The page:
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13 June 2005 @ 01:35 pm
The Anamalais (means "Elephant Mountains" in Tamil) is a fascinating place. You won't find too much of mammal life there, but if it's birds and butterflies you're after - there are few other places in South India which are this good. The forest vegetation is mostly Bamboo and Teak, but the scene changes dramatically once you hit the Sholas which have remained undisturbed for centuries. Once you enter the range headquarters at "Topslip" you find a board which says "Anamalais is scientifically managed since 1859" which actually means - "The Anamalais has been slaughtered since 1859 and trees have been chopped to make way for coffee, tea and teak"

We stayed in a rest house on top of Mt. Stuart which was built in 1885 - that's 120 years ago! It was used by an Englishman named Hugo Wood who was responsible for converting much of the forest into teak plantations. Hugo, apparently loved this forest so much that he wanted to he buried here. His grave is not far away from the resthouse and the epitaph reads "If you want to look at me, then look around." It's a beautiful quote but some questions will always remain without an answer. God knows how many species of birds and animals rest there along with Hugo Wood in that mysterious grave.

We trekked in two of the three Sholas in the range. The Karian Shola is just behind the main reception of Topslip and here we found the extremely rare Oriental Bay Owl and the strange-looking beautiful bird called Frogmouth! However, I loved the trek in the Anagundi Shola in search of the highly endangered Lion-tailed Macaque. We did'nt get to see them, but the trek was just exciting through the leech infested forest, with strange mushrooms and large trees which seem to touch the skies. The smell of wet mud and dense jungle is extremely intoxicating for anyone who loves nature. The heavy clouds and low light added to the effect, for one of the best trekking experiences I've ever had.

I still need to look at all the images I have from this place and I'll write more with each picture.
Dilip Sankarreddydilip on June 13th, 2005 08:49 am (UTC)
Thanks for giving this interpretation of Hugo Wood. I trust your words and so I am changing my opinion on him without verifying. I had read about him many many years ago in an article in newspaper (maybe Hindu) which praised his work and since then I held him in high esteem for his work. It is said he planted teak trees as he went for his walks.

Mysteriously, today morning, I remembered him and wrote these few lines just few hrs ago inspired by his work that I had read about in that article:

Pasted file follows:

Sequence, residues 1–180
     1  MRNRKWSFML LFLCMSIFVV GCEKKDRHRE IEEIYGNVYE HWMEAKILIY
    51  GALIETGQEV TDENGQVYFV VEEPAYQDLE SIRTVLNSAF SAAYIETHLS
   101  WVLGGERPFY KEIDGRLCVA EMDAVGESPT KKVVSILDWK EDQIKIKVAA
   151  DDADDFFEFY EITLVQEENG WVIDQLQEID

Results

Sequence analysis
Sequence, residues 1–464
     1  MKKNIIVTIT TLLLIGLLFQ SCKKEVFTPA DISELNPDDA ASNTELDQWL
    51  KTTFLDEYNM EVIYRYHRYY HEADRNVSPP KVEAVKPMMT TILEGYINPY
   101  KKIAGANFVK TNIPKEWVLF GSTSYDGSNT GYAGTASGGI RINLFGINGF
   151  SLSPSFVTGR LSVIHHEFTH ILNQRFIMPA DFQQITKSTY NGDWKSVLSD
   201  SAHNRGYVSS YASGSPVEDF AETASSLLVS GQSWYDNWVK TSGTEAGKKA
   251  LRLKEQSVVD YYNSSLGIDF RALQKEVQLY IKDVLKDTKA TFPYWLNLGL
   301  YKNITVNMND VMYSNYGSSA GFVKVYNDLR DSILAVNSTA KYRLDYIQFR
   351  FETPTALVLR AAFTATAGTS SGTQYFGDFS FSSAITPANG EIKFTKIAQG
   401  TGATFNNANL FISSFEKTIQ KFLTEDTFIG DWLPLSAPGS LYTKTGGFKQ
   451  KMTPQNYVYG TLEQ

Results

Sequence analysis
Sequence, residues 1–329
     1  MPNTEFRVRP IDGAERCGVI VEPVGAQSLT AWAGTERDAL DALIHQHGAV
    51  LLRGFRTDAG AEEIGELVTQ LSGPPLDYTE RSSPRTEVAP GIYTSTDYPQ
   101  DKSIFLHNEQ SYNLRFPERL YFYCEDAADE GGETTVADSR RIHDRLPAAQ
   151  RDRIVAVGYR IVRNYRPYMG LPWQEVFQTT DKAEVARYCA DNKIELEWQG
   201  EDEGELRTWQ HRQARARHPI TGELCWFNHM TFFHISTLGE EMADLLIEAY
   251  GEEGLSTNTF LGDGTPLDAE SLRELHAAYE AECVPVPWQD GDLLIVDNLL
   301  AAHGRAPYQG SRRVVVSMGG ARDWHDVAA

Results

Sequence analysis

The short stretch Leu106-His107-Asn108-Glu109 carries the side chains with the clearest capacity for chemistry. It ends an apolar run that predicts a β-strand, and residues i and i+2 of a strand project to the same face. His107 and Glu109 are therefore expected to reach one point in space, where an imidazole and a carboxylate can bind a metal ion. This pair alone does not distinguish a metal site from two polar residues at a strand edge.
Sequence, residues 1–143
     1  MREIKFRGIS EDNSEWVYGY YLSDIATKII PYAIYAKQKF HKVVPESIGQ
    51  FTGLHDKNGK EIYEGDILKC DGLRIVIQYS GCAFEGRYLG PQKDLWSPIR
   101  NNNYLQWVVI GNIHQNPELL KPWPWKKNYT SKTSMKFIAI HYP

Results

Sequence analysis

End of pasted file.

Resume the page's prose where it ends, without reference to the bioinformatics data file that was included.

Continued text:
I drop a seed
In each of the little corners
Along the path of myriad quaint strolls
That I enjoy every morn.

Who knows which one grows into the next tree!

Thanks to you, I am changing my opinion abt him. Now, he is not a respectable man but a evil demon to me.
Yathinyathin on June 13th, 2005 09:42 am (UTC)
You'll never be able to tell about Hugo Wood, since not much is known about him. Maybe he was a good man who tried to re-generate the forest which was annihilated by his British predecessors or maybe he was that typical British guys who wanted to grow teak so that it can be used in British homes and ships - you'll never know. That's why the place is so full of mystery to me.
shruthi_dipalishruthi_dipali on June 13th, 2005 09:02 am (UTC)
Wow.. Makes me wanna go on a holiday.. Can't wait for the pictures..
Deepakdeepix on June 13th, 2005 09:07 am (UTC)
Very nice! Made me picturise as I read the entry. :-)
zimbabaozimbabao on June 13th, 2005 09:14 am (UTC)
So did u get the rains ?
Yathinyathin on June 13th, 2005 09:37 am (UTC)
It rained for some half an hour when we were in a thick Shola, but was cloudy all through the trip.
ashbirderashbirder on June 13th, 2005 01:19 pm (UTC)
wow, thanks for that piece of info about Hugo Wood. I have been to Top Slip for a bird ringing programme in '01, and loved the place. Bay Owl is excellent!!! there is a guide there called Narayan (i think??) who knows the exact location of a particular frogmouth at Top Slip. Did you run into him? We'd gone with him to look for it, but on that day it was nowhere to be seen. Too bad. But I was fated to see the bird, bec last yr in Anshi i had a good sighting.

Yathinyathin on June 13th, 2005 04:30 pm (UTC)
Re: frogmouth
We went with two guides called Armugam and Murugan. They were excellent and found 3 different frogmouth roosting places for us! :)
Bayartsbayarts on June 13th, 2005 04:17 pm (UTC)
I wish i could go to this place.....
Yathinyathin on June 13th, 2005 04:40 pm (UTC)
You really should if you visit this part of the world! :)
Bayartsbayarts on June 13th, 2005 04:43 pm (UTC)
I was in India once, many years ago, but have never returned. It is on my list of "things to do"! Thank you for sharing your experiences.
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Yathinyathin on June 13th, 2005 04:39 pm (UTC)
You've had a rare oppotunity and are extremely lucky with that sighting. They are just in their hundreds now in scatterred populations and apparently Anamalais is the best place to spot them.